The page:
"Winter on the Homestead" by U.S. National Park Service , public domain

Homestead

National Historical Park - Nebraska

Homestead National Monument of America commemorates passage of the Homestead Act of 1862, which allowed any qualified person to claim up to 160 acres (0.65 km2) of federally owned land in exchange for five years of residence and the cultivation and improvement of the property. The Act eventually transferred 270,000,000 acres (1,100,000 km2) from public to private ownership. The national monument is five miles west of Beatrice, Gage County, Nebraska on a site that includes some of the first acres successfully claimed under the Homestead Act.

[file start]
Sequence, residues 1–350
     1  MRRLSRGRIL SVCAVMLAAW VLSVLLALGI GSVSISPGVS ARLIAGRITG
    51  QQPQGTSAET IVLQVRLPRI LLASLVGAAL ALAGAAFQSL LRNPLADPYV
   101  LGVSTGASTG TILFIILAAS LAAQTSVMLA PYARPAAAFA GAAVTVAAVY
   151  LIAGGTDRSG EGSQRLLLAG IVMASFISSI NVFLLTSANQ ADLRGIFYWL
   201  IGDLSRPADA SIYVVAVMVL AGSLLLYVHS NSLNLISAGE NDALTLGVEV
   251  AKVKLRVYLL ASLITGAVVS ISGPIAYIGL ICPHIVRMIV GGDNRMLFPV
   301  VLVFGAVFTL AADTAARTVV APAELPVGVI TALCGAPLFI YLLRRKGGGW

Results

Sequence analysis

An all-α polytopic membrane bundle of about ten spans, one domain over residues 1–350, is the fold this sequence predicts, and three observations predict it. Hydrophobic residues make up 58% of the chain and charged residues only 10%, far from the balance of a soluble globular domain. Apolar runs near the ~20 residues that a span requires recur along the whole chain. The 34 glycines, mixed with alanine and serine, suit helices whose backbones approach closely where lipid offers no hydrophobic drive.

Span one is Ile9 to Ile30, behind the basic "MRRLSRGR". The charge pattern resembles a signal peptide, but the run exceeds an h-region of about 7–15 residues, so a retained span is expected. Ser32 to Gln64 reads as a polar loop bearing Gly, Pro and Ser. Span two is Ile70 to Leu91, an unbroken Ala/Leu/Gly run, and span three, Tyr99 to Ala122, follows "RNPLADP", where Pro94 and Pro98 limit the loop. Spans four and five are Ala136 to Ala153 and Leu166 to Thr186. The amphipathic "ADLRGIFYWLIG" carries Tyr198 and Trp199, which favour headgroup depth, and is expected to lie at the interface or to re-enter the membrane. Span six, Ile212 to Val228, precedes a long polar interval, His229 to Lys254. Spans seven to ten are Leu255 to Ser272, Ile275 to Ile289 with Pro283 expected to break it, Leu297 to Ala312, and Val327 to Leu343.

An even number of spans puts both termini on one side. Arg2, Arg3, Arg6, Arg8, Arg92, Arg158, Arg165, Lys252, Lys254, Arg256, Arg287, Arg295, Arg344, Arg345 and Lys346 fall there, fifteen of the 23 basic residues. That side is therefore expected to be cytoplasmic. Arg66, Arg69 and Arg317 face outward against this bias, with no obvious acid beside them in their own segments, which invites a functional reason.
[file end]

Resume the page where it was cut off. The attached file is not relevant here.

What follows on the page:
maps

Official Visitor Map of Homestead National Historical Park (NHP) in Nebraska. Published by the National Park Service (NPS).Homestead - Visitor Map

Official Visitor Map of Homestead National Historical Park (NHP) in Nebraska. Published by the National Park Service (NPS).

Map of the U.S. National Park System. Published by the National Park Service (NPS).National Park System - National Park Units

Map of the U.S. National Park System. Published by the National Park Service (NPS).

Map of the U.S. National Park System with Unified Regions. Published by the National Park Service (NPS).National Park System - National Park Units and Regions

Map of the U.S. National Park System with Unified Regions. Published by the National Park Service (NPS).

Map of the U.S. National Heritage Areas. Published by the National Park Service (NPS).National Park System - National Heritage Areas